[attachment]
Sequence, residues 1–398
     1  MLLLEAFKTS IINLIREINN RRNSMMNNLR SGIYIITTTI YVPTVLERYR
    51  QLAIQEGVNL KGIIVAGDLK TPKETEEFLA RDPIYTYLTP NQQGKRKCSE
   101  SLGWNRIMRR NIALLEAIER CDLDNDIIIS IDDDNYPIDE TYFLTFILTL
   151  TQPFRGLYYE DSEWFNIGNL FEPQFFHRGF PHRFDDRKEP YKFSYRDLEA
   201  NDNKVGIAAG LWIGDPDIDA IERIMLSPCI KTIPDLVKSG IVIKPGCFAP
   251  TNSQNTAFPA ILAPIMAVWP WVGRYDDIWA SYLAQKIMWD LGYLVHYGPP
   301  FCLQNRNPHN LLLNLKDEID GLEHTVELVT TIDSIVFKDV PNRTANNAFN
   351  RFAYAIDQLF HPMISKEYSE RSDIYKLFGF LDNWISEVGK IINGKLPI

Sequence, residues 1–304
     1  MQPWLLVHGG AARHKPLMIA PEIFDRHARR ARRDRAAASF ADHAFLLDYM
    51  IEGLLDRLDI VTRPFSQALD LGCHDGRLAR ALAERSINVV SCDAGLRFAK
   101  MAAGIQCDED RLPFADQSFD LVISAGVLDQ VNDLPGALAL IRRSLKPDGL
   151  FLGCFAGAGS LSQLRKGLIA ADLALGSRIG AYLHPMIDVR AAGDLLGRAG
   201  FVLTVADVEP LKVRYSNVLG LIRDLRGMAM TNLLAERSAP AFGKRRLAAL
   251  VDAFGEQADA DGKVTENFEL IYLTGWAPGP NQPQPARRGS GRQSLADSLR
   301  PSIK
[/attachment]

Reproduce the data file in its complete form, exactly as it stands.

Sequence, residues 1–398
     1  MLLLEAFKTS IINLIREINN RRNSMMNNLR SGIYIITTTI YVPTVLERYR
    51  QLAIQEGVNL KGIIVAGDLK TPKETEEFLA RDPIYTYLTP NQQGKRKCSE
   101  SLGWNRIMRR NIALLEAIER CDLDNDIIIS IDDDNYPIDE TYFLTFILTL
   151  TQPFRGLYYE DSEWFNIGNL FEPQFFHRGF PHRFDDRKEP YKFSYRDLEA
   201  NDNKVGIAAG LWIGDPDIDA IERIMLSPCI KTIPDLVKSG IVIKPGCFAP
   251  TNSQNTAFPA ILAPIMAVWP WVGRYDDIWA SYLAQKIMWD LGYLVHYGPP
   301  FCLQNRNPHN LLLNLKDEID GLEHTVELVT TIDSIVFKDV PNRTANNAFN
   351  RFAYAIDQLF HPMISKEYSE RSDIYKLFGF LDNWISEVGK IINGKLPI

Sequence, residues 1–304
     1  MQPWLLVHGG AARHKPLMIA PEIFDRHARR ARRDRAAASF ADHAFLLDYM
    51  IEGLLDRLDI VTRPFSQALD LGCHDGRLAR ALAERSINVV SCDAGLRFAK
   101  MAAGIQCDED RLPFADQSFD LVISAGVLDQ VNDLPGALAL IRRSLKPDGL
   151  FLGCFAGAGS LSQLRKGLIA ADLALGSRIG AYLHPMIDVR AAGDLLGRAG
   201  FVLTVADVEP LKVRYSNVLG LIRDLRGMAM TNLLAERSAP AFGKRRLAAL
   251  VDAFGEQADA DGKVTENFEL IYLTGWAPGP NQPQPARRGS GRQSLADSLR
   301  PSIK